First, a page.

This week we left our mild southern winter for the bone chilling temperatures of Michigan - it was 3 degrees! Yes, you read that right, it was 3 degrees back in the Mitten State. Cold. Not exactly my favorite temperature.
Did I ever tell you about the time Dad and I went on a date to Ruby Tuesday’s? As we left, I literally found myself sprinting to the car because it felt like Antarctica outside!
As I sat there shivering, rocking back and forth and blowing my warm breath into my hands, Dad started up the car and saw the temperature. He looked at me laughing and said “Leanne it’s 62 degrees out.” Yes, to me even that’s too cold!
I know, it’s shocking that I was born in the north!
However, you my dear were born right here in the south where the temperatures are usually much warmer. Therefore, you’ve never had to master the art of layering clothing. You much prefer no layers at all, or as we call it - being nudie!
While I joke that this in result of your warm southern blood, it’s actually a direct response to your sensory processing disorder and temperature regulation.
Temperature regulation is our core temperatures response to outside stimuli. The temperature of our bodies is regulated by neural feedback mechanisms in the brain, which operates primarily through the hypothalamus. No, not the giant gray semiaquatic pig looking mammal - that my dear is a hippopotamus. I’m talking about the hypothalamus, which is the exact opposite with regards to size (it’s a part of the brain that’s super tiny)!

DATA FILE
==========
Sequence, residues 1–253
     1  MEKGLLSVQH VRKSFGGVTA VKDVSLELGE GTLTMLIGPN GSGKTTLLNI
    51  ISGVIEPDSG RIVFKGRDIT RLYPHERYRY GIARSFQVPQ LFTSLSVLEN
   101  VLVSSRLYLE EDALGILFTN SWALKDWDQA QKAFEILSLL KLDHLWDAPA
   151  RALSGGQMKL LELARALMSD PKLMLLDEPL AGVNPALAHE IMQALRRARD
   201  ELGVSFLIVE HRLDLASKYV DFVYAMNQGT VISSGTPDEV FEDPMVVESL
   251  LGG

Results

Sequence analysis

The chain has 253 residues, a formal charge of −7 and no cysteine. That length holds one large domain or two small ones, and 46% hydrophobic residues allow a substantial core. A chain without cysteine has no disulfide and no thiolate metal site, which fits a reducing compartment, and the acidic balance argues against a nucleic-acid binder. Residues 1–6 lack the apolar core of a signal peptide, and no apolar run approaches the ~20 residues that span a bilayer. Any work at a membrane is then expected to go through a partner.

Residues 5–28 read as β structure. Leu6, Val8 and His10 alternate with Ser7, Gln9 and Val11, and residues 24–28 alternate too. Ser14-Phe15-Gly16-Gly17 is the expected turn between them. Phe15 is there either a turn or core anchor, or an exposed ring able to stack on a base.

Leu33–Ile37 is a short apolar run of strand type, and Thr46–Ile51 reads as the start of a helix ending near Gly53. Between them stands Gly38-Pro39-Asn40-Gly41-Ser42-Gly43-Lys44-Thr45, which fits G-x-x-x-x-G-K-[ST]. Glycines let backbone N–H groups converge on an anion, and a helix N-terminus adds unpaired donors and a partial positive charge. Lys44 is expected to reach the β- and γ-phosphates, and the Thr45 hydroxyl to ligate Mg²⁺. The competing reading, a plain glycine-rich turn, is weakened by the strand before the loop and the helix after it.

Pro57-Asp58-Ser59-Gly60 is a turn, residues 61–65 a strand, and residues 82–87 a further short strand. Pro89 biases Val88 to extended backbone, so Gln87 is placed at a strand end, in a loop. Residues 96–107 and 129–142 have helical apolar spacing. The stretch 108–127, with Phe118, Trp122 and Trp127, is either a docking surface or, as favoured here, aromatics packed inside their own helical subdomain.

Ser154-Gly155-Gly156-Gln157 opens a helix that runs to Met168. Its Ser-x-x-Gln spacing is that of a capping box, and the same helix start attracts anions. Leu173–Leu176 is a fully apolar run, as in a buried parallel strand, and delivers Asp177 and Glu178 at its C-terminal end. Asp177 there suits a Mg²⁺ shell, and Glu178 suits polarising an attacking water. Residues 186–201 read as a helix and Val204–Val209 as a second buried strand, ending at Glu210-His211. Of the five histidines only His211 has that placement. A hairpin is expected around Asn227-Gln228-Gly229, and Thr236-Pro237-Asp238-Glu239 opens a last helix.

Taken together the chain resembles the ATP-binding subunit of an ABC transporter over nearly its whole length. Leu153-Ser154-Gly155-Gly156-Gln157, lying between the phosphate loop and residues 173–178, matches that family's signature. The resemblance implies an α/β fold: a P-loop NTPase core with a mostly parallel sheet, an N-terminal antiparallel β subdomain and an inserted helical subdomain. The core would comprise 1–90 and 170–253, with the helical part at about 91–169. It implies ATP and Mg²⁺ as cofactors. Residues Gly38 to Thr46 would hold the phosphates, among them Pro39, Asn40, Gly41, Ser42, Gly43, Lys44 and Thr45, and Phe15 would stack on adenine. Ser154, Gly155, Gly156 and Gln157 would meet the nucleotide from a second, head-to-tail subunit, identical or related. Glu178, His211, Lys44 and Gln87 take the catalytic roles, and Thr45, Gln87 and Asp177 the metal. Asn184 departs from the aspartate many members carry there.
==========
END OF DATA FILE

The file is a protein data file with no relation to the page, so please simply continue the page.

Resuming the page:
But don’t let its size fool you, it has a big job! It functions as the control center for our autonomic nervous system (or key involuntary functions) by regulating sleep-wake cycles, body temperature, and appetite just to mention a few.
It has the remarkable responsibility of regulating the body’s core temperature. When your body is exposed to heat or frigid conditions (like snow or ice), this system balances your internal temperature with the temperature outside. Pretty cool huh?
Your sensory processing disorder causes the sensory signals from the hypothalamus to get a little messy and unorganized to appropriate responses sometimes. Yup, from sleeping, to eating, to temperature control, these crossed signals can result in some lingering stares from onlookers because of what may be seen as abnormal behavior in certain situations.
Remember when I said it was 3 degrees outside?
Well, with this unique disorder you have what is referred to as a hyposensitive (under active) tactile dysfunction. Your tactile sense is in charge of input from the skin receptors about touch, pressure, temperature, pain and other things like that. Simply said, it takes a lot for you to feel the cold of the freezing temperatures (opposite of mommy).
You see coats and shoes as restricting your motion so in essence you don’t find them necessary. This is actually a very common revolt amongst toddlers. So, it stands to reason that you also don't see the purpose of “layering up” in cold weather, or putting on hats, coats of gloves either. Heck, you barely have an appreciation for getting dressed at all! Your hypothalamus must be working in overdrive keeping you nice and toasty! Lucky you!
We pick and choose our battles Addie. I know very well that you won’t get a cold from lack of appropriate winter apparel, but you would be completely unsuspecting of the hyperthermia from the boots you keep ditching, or frostbite on the fingers you keep exposing by tossing those gloves!
So, while you’re doing much better with social appropriateness of keeping pants and shirts on - outer wear is still a little challenge.
Enjoy the snow baby girl, if you can’t find me Ad, I’m the one chasing after you, sweating trying to keep your coat and gloves on!
I love you.